Five Things Every Operating Agreement Should Have
In our experience as business attorneys, we know all too well that things can and do go very wrong if partners in a business don’t have an operating agreement. While there are many more than 5 reasons you should have an operating agreement if you have even one other partner, here’s five things you simply must have.
All operating agreements should establish what vote is required to act. This is an effective way to manage authority. The operating agreement should require unanimous consent of any unit holder or shareholder to do certain things and a majority vote for others. It’s important to carefully craft the right voting structure so the business can run efficiently but ensure decisions are made with the requisite agreement amongst the owners.
What happens to your business if one of the partner’s passes away? Will they be able to transfer their shares or will the remaining partners have to approve the transfer. Every operating agreement should include some language governing what will happen upon the death of a partner. One rule of thumb is to build in a clause that ensures there is not a deadlock when only two partners remain. This could happen if one partner holds 50% and the other holds the remaining 50%. Once they disagree on something, the business can’t continue and in serious disagreements, can require judicial dissolution.
Certain Restrictions on Partners
You need to make sure there are restrictions built into the operating agreement that would stop one partner from doing something that could hurt the others. One example of this is selling shares. Your operating agreement should make unanimous consent of the partners a requirement in order to sell or transfer shares. Another smart restriction is to limit the amount of money any partner can spend on the business to a set amount. If the business is going to spend more than that amount, it will require a majority or unanimous vote.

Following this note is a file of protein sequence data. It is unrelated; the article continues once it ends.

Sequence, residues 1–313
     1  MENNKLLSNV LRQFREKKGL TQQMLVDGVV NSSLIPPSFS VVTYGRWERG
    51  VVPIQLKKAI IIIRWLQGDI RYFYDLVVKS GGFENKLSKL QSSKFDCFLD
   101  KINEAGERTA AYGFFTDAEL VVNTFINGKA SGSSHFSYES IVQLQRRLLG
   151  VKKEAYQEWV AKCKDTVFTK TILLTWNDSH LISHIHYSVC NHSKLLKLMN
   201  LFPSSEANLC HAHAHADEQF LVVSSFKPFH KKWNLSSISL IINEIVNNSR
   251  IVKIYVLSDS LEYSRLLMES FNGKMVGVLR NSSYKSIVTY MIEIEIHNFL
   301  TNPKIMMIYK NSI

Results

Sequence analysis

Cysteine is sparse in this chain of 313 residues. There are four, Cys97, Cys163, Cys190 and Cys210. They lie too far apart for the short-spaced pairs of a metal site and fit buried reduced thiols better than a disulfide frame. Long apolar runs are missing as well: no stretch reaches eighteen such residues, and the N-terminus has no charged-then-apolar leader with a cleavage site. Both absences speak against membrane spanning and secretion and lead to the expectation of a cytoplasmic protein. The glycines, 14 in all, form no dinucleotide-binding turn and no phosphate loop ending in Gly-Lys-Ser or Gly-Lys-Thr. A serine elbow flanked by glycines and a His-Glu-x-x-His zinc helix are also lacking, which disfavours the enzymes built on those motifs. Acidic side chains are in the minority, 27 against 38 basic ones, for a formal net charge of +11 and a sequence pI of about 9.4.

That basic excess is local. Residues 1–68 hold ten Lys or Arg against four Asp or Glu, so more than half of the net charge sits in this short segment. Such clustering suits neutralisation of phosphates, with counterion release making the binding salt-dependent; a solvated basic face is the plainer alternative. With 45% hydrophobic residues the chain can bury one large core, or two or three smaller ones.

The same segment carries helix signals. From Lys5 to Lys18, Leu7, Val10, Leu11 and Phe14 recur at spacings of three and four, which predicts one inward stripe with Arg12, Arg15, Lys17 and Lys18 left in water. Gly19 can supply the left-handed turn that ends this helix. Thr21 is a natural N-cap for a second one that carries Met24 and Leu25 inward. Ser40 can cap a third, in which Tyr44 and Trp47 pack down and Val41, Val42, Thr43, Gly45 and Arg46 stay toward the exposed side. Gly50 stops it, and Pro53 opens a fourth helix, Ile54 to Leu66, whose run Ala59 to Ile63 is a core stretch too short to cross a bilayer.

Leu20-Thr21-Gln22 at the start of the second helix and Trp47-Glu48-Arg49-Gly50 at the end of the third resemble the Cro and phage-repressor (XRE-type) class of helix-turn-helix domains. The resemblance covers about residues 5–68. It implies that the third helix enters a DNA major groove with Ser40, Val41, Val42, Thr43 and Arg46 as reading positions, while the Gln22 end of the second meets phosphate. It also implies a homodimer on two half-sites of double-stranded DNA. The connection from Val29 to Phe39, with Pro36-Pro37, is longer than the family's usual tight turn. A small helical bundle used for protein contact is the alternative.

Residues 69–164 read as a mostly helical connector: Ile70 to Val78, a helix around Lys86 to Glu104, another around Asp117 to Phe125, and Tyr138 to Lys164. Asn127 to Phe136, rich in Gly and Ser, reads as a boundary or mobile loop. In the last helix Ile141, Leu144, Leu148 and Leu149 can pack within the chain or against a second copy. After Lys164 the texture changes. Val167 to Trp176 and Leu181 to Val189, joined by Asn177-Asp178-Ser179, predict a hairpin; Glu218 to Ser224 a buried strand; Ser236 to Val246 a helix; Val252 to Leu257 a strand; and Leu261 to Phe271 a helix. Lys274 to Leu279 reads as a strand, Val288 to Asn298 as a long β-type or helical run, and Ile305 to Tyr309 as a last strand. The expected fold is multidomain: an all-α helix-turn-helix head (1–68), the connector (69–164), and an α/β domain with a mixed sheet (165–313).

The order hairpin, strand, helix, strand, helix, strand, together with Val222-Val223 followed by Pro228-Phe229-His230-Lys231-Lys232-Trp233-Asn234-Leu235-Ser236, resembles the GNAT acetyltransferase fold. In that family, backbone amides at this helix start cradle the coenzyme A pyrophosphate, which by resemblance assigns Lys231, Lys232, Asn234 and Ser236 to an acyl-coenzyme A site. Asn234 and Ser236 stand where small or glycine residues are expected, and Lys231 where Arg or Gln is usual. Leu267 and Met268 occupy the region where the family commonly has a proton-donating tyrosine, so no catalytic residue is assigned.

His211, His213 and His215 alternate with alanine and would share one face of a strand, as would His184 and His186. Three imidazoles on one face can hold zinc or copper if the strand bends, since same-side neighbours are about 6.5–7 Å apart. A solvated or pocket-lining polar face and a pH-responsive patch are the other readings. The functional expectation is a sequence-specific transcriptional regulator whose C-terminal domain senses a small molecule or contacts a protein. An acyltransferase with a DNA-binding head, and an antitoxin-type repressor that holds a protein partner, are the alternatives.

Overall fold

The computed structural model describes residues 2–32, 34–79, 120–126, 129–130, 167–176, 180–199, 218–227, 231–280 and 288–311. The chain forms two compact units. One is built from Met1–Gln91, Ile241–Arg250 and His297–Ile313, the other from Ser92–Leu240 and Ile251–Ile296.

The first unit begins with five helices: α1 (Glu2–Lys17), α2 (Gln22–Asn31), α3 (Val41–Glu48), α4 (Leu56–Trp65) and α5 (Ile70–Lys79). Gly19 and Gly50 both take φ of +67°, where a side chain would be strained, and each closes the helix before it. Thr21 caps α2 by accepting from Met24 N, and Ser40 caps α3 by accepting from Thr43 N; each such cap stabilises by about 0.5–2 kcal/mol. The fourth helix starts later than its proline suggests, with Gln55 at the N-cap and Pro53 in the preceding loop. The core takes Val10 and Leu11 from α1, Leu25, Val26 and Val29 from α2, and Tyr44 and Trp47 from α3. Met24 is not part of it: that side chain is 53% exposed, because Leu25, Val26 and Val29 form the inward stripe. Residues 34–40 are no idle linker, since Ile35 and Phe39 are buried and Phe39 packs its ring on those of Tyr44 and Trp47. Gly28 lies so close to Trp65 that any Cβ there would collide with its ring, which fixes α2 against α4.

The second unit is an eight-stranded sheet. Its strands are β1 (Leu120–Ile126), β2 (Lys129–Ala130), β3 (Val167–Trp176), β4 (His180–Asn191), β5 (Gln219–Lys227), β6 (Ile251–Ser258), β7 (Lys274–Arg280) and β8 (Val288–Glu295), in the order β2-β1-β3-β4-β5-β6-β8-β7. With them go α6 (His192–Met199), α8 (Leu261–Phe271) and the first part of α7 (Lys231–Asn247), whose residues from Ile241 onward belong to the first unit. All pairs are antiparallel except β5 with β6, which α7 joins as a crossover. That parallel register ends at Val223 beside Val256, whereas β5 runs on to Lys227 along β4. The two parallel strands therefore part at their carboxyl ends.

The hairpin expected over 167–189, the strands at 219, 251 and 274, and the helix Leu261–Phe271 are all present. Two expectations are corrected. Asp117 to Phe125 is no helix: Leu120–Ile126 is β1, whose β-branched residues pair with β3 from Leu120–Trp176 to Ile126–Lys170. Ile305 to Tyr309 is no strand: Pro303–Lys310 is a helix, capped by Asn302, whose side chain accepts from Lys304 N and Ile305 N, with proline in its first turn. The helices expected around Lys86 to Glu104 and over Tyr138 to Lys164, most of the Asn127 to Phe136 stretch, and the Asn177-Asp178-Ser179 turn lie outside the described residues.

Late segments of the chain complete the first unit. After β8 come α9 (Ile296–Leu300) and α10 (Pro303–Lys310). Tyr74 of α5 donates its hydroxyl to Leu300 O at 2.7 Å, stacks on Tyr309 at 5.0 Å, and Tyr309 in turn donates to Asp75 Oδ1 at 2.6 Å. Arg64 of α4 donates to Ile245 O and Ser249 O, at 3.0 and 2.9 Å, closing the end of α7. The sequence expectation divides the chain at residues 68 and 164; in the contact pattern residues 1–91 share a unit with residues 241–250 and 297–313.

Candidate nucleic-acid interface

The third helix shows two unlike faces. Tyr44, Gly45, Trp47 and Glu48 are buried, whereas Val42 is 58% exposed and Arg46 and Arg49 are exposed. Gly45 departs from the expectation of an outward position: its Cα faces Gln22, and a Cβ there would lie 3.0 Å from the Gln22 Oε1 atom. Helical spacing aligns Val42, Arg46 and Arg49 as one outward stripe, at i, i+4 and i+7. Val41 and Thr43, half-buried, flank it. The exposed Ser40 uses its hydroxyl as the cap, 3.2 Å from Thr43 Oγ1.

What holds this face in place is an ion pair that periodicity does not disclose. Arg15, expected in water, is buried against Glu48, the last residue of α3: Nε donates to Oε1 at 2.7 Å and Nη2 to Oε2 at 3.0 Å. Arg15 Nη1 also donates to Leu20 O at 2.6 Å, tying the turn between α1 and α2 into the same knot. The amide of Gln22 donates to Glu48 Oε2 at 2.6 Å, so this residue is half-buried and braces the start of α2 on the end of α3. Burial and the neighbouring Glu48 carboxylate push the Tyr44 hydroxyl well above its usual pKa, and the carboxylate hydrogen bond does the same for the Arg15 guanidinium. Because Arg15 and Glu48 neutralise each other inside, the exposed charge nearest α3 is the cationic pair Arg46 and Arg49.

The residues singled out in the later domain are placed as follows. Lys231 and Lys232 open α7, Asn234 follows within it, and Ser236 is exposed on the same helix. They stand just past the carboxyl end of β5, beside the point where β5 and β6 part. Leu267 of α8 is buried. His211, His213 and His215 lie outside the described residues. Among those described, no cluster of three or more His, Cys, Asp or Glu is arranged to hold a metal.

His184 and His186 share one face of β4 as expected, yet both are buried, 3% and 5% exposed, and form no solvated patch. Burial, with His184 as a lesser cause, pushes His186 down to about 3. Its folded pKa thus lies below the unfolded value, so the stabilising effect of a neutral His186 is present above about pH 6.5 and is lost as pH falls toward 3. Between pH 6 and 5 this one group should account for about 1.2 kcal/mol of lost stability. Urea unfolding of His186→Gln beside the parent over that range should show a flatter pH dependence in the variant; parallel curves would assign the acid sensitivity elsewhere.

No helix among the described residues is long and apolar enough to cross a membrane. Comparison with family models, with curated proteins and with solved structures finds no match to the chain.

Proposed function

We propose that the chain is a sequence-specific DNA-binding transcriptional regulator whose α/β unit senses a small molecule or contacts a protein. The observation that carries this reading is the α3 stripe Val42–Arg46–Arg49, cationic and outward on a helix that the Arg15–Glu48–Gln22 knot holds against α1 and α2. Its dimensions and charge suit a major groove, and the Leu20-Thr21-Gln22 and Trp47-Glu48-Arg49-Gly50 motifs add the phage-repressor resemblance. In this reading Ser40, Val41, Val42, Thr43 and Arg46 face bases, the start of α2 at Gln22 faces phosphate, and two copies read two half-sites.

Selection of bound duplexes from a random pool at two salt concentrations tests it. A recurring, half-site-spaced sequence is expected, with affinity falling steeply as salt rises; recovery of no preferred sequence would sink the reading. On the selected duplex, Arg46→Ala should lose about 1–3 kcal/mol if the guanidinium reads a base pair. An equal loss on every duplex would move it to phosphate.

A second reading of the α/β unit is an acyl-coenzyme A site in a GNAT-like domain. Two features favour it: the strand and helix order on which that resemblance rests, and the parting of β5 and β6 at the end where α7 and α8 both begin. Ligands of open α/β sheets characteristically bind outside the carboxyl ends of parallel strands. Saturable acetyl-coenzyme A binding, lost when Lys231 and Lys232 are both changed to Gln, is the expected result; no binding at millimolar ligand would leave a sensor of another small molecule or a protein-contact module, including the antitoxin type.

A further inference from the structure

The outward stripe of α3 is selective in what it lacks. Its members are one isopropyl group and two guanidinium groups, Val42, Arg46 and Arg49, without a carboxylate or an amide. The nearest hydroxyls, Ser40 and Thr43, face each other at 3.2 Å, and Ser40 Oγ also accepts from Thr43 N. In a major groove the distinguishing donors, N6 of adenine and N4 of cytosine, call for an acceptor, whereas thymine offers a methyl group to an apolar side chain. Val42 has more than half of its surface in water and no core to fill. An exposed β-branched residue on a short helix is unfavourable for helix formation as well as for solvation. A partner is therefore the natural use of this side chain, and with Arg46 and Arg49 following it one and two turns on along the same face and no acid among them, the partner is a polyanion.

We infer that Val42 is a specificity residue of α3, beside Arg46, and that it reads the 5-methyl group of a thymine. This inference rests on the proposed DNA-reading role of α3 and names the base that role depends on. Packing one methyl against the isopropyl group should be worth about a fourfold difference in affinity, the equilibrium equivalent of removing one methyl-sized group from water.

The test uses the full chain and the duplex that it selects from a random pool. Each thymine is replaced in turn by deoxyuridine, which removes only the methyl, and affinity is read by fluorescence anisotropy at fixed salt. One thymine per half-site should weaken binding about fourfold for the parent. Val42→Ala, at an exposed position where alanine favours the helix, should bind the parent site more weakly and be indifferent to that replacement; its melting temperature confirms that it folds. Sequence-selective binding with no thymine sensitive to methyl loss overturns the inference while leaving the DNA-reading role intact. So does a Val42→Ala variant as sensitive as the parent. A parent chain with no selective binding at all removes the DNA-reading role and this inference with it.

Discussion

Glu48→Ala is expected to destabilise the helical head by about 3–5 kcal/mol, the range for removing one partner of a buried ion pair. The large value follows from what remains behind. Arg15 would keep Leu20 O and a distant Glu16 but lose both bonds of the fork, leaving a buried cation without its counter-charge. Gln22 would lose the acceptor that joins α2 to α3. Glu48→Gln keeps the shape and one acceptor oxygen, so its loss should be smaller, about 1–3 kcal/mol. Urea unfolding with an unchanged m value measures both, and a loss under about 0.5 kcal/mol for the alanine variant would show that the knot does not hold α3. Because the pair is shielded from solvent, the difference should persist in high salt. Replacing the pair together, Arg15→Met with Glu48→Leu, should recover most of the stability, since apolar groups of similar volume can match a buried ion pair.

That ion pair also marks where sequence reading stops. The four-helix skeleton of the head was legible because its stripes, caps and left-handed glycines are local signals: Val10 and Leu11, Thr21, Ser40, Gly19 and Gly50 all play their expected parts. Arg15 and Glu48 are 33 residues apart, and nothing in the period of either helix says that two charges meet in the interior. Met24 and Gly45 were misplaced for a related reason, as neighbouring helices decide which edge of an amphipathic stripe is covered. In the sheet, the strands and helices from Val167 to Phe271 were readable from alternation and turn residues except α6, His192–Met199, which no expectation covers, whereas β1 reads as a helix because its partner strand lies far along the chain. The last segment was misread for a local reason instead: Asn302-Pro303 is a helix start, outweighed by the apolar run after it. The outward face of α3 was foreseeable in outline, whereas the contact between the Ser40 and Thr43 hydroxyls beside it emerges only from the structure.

Conflict Resolution Procedures
No one goes into business intending to have conflict with their partners. Despite the best of intentions, conflicts do arise just like with any other team interaction. The important part is having an agreement on how conflicts will be resolved if they do come up. The main points to include in dispute resolution provisions would be what State’s law will govern the contract and what procedure (such as arbitration) will be required. We recommend arbitration since it usually allows for some confidentiality if and when a dispute arises and can be significantly less expensive than litigation.
Let’s say you can’t work out your disagreements with your partners or you’ve otherwise agreed it’s time to walk away. Your operating agreement should establish what’s going to happen once that decision is made. This language can include an agreement as to what will happen to the business and certain property owned by the business. It may also address whether the partners can compete or start new business. A detailed description of what the partners agree should happen if the business is closed can avoid costly and bitter disputes. It is easy for things to become very contentious when a business has come to an end and without an agreement up front as to what should happen, these disputes can escalate into full blown lawsuits (and result in substantial costs).
Contact A Business Attorney to Discuss Your Operating Agreement
There’s certainly quite a few more important clauses you should include in your operating agreement but it often depends on the type of business you are in and the unique relationship between the partners. If you’d like to find out more and have a business lawyer from our team provide more narrowly tailored insight based on your business, give us a cal today at 419-469-5002.
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